There's an interesting article on contemporary architecture in the latest edition of Metropolis. The picture above from the article is the new Nezu Museum which I will try to visit this winter break.
Just as Tange’s attention-grabbing style set the tone for the late Showa period and influenced countless lesser architects to design their offbeat office buildings, puerile pachinko parlors, and ludicrous love hotels, the present generation has found its guiding light in Kengo Kuma, a kinder, gentler architect whose ideas and growing international renown are exerting an influence far beyond the handful of buildings that he has designed in Tokyo. While Tange and his cohorts expressed the madness of a frenetically growing Japan, so the 55-year-old Kuma and his followers reflect the saner, more somber mood of a post-Bubble—and now post-credit crunch—Japan.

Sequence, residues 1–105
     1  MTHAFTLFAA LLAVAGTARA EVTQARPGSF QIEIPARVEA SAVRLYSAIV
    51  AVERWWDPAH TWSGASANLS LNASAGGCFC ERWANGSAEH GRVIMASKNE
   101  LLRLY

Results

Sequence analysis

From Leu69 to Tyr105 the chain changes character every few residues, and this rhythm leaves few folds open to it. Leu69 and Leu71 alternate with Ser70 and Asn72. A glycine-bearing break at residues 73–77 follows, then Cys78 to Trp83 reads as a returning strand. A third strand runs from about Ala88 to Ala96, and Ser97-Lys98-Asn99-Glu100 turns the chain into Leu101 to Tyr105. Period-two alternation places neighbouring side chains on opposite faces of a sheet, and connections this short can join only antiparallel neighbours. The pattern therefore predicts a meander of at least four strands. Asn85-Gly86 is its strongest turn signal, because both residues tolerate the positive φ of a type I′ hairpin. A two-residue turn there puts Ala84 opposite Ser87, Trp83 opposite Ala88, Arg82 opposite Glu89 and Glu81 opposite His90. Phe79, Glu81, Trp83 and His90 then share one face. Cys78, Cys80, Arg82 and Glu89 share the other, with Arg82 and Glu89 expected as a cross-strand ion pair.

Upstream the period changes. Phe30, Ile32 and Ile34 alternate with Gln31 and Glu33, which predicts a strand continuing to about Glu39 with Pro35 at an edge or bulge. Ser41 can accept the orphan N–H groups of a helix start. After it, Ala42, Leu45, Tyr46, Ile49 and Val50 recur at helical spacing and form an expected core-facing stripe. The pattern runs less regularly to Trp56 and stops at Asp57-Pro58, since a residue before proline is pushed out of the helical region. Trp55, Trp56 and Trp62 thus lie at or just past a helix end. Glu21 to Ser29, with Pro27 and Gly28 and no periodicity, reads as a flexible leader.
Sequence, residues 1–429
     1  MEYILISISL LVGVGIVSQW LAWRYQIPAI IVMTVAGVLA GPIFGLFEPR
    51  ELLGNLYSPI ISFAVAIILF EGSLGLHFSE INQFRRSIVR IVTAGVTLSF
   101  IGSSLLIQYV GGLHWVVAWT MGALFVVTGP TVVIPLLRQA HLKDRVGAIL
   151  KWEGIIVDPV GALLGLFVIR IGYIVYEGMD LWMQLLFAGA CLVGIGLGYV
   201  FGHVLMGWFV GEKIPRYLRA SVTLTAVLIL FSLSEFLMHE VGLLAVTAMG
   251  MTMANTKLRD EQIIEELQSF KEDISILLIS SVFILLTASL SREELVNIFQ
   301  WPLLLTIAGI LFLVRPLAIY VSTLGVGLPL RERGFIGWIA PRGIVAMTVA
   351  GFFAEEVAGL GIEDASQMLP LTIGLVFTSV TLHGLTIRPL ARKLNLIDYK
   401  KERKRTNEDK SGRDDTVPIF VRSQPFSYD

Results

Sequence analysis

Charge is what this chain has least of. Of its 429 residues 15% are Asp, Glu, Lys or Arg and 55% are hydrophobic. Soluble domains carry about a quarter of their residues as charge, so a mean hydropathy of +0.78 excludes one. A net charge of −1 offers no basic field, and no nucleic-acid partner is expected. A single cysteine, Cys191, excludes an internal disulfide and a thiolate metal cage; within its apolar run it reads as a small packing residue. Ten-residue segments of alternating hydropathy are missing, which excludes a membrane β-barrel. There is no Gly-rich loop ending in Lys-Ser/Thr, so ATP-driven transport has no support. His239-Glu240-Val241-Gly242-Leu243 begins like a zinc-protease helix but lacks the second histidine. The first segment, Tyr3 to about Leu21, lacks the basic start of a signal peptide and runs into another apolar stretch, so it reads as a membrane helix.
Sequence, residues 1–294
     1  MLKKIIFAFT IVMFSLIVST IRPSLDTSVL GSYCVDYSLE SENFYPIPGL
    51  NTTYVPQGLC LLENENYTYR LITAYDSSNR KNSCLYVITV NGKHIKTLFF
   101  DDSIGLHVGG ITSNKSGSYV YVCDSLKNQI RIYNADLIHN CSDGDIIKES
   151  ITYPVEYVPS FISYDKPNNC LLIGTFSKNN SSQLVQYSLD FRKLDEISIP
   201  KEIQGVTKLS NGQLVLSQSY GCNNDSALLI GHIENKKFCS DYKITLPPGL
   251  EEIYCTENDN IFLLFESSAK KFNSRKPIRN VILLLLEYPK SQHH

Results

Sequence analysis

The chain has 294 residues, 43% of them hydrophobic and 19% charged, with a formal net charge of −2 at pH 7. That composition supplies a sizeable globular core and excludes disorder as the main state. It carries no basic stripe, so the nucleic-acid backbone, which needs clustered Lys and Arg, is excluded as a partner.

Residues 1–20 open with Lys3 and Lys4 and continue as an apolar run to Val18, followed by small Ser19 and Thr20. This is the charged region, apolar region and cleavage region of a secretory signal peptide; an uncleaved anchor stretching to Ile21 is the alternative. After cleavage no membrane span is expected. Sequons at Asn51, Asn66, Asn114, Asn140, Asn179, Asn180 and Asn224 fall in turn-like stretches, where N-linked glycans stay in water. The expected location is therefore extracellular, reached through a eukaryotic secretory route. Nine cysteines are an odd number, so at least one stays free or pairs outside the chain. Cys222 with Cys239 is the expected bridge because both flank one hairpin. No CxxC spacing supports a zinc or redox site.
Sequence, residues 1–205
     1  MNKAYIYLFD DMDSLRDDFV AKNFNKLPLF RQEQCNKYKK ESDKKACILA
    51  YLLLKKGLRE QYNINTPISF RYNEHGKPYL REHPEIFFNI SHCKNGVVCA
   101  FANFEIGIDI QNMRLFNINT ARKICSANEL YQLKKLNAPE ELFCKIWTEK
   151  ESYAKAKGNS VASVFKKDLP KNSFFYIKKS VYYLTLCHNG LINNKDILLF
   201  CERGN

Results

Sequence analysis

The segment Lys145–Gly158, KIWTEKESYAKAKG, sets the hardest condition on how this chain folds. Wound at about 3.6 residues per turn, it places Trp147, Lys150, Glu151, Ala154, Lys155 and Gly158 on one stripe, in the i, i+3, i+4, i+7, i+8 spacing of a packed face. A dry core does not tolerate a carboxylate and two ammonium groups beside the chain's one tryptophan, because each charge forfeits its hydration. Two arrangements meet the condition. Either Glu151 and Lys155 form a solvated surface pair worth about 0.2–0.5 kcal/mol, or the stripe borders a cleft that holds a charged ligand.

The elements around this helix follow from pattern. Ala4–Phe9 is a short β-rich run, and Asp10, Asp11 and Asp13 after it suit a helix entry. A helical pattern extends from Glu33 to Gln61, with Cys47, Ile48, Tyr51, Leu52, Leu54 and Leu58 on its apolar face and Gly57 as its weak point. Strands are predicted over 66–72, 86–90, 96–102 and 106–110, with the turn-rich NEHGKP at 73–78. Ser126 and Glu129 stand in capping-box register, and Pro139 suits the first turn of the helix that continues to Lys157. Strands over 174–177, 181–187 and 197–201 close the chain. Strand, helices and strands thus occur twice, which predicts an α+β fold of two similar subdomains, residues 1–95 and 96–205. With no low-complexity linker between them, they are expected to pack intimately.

The key points of this new, unselfconsciously Japanese style can be seen at Kuma’s latest building, the redesigned Nezu Museum, located at the front of a large traditional Japanese garden at the far end of Omotesando. The first impression is rather dull—all you can see from the outside is a large tiled roof, surmounting a thick hedge of bamboo. But this effect is entirely intentional, as the architect explained in a recent sit-down with Metropolis.